Excessive heat warning for much of Wisconsin

Central US braces for ‘heat dome’

The Associated Press

The National Weather Service says it’s been four years since Wisconsin has had the potential for the oppressive heat and humidity expected Thursday and Friday.

The weather service issued an excessive heat warning for much of the state because heat indices are expected to climb into the triple digits. The last time such a warning was issued was in July 2012.

Temperatures in Shawano are forecast to reach highs of 96 on Thursday and 93 on Friday.

The state Public Service Commission issued a reminder Wednesday that Wisconsin law prevents a utility from disconnecting service to an occupied dwelling when heat advisories are in effect.

The utility is also required to try to reconnect service to an occupied dwelling that has been disconnected for nonpayment when the resident says there’s a potential health threat.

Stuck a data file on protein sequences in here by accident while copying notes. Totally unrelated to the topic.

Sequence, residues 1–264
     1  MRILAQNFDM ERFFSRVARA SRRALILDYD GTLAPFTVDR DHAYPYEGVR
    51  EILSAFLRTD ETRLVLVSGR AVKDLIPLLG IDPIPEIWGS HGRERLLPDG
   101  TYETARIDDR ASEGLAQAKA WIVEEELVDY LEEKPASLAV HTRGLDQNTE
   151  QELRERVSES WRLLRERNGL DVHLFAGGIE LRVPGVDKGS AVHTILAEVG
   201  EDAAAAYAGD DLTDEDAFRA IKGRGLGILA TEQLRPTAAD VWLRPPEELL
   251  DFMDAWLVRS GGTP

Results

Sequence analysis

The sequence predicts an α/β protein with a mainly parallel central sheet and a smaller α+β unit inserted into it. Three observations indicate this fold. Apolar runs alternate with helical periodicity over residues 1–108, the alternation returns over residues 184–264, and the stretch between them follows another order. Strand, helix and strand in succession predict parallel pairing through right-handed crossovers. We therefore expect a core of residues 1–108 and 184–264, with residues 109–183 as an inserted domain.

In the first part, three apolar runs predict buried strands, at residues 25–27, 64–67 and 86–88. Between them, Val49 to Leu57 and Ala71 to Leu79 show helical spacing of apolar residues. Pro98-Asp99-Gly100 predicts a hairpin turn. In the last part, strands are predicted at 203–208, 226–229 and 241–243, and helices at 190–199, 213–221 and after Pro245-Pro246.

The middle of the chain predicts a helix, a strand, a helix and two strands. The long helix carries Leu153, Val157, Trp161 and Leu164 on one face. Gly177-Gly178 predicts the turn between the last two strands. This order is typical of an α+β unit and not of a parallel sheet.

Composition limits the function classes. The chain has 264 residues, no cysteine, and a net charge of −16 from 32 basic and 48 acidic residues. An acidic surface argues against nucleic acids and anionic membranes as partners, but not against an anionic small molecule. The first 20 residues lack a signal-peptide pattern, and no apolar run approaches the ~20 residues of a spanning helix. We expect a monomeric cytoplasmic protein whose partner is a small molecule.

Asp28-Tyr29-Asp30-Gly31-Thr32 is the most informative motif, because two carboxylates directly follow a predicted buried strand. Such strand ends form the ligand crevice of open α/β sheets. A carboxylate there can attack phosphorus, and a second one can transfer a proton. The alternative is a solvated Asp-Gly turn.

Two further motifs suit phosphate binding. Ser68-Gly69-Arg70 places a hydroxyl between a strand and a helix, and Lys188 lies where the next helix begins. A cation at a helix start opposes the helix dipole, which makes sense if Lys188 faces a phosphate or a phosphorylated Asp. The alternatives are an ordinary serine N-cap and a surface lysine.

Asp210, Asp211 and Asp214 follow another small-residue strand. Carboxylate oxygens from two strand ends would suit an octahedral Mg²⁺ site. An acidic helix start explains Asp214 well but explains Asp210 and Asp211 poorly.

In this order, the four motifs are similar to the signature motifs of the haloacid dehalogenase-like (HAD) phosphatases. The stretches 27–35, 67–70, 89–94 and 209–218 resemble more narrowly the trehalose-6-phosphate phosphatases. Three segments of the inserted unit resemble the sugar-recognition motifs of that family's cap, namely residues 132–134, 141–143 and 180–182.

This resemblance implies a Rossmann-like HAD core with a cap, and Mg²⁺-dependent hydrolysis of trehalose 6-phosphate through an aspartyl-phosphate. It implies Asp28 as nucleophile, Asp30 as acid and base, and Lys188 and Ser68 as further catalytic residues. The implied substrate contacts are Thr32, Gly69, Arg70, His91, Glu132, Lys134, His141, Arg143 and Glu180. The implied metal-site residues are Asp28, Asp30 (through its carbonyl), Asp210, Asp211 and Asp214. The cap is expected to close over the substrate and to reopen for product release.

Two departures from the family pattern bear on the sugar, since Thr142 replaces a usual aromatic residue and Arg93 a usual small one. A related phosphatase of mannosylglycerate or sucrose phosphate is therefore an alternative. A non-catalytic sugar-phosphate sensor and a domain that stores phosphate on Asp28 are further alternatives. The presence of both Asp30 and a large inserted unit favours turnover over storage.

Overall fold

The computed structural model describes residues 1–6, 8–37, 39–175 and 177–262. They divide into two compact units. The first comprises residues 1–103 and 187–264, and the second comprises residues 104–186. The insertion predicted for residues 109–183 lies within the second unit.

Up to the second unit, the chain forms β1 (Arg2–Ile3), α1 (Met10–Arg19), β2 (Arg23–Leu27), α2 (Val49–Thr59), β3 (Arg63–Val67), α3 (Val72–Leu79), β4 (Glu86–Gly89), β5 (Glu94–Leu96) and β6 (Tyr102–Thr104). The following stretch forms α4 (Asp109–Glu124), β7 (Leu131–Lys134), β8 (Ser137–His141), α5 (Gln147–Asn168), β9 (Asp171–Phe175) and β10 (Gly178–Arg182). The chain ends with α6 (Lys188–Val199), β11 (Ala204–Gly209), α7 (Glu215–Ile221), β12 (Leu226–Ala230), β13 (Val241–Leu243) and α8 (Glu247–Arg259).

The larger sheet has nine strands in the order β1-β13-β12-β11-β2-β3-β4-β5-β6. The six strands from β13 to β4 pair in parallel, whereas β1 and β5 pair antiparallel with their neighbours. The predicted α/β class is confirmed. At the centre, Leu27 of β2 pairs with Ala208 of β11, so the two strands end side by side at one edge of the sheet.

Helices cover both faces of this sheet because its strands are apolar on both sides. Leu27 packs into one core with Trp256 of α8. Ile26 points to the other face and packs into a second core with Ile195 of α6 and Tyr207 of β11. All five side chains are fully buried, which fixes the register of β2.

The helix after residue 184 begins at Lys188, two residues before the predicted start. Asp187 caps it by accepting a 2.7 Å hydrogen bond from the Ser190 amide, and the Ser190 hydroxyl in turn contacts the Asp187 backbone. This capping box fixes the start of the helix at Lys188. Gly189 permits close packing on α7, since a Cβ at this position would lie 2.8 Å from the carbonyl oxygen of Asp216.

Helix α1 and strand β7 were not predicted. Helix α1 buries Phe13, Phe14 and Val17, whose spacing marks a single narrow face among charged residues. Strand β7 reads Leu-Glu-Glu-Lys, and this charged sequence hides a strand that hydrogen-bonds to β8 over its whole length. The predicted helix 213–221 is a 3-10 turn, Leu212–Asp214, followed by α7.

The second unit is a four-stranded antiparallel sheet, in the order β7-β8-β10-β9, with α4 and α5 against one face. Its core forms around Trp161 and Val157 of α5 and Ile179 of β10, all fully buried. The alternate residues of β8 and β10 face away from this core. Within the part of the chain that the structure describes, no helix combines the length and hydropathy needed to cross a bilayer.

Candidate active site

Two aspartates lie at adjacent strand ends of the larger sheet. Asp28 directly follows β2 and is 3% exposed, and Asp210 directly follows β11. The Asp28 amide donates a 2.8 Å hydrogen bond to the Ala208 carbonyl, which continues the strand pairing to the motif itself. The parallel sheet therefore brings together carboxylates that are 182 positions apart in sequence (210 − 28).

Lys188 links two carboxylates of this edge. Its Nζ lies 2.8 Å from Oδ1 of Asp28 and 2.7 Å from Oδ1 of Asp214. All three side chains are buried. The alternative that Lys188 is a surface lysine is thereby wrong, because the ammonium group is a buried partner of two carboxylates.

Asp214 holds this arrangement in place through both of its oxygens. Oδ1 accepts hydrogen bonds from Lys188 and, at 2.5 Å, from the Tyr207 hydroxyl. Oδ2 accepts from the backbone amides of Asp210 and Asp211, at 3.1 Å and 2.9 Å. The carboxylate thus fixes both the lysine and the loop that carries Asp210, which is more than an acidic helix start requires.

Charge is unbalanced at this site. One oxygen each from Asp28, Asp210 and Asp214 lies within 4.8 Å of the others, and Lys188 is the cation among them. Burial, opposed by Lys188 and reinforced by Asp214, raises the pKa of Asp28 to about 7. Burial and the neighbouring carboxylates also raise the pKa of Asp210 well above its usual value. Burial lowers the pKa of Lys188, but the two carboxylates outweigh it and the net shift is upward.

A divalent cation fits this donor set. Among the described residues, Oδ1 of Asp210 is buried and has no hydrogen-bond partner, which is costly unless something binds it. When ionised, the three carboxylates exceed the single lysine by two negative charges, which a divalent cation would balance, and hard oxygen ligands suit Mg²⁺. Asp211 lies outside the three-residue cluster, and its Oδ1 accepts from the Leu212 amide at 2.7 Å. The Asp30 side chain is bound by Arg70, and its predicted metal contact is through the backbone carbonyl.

High temperatures and humidity will bake much of the central U.S. this week, making it feel as hot as 115 degrees in some places and leading some cities to open cooling stations and take other precautions.

The high pressure system, sometimes called a “heat dome,” will push conditions to their hottest point so far this summer, though record hot temperatures aren’t expected, according to the National Weather Service.

Authorities from Minnesota to Louisiana are warning people to take precautions and check on the elderly and other vulnerable neighbors and relatives.

The temperature in the South Dakota capital of Pierre reached 105 degrees Wednesday afternoon. Temperatures were forecast to reach the 90s for most areas of the central U.S. starting Wednesday and lasting into the weekend in some places. High humidity will make it feel anywhere from 105 to 115 degrees.

Excessive heat warnings put out by the weather service were in effect for parts of Minnesota, the Dakotas, Nebraska, Iowa, Kansas, Missouri, Illinois and Wisconsin.

Thunderstorms and a cold front descending south across Lake Michigan could provide some relief Friday for parts of the Great Lakes region.